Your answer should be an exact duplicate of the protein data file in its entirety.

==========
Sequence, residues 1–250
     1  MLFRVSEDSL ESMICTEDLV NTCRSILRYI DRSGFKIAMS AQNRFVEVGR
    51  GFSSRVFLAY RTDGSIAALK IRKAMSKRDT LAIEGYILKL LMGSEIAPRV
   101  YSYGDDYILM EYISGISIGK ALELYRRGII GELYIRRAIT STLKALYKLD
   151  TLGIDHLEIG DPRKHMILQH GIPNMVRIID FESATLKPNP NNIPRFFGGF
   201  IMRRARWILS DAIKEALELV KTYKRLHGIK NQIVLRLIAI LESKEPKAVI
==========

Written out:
Sequence, residues 1–250
     1  MLFRVSEDSL ESMICTEDLV NTCRSILRYI DRSGFKIAMS AQNRFVEVGR
    51  GFSSRVFLAY RTDGSIAALK IRKAMSKRDT LAIEGYILKL LMGSEIAPRV
   101  YSYGDDYILM EYISGISIGK ALELYRRGII GELYIRRAIT STLKALYKLD
   151  TLGIDHLEIG DPRKHMILQH GIPNMVRIID FESATLKPNP NNIPRFFGGF
   201  IMRRARWILS DAIKEALELV KTYKRLHGIK NQIVLRLIAI LESKEPKAVI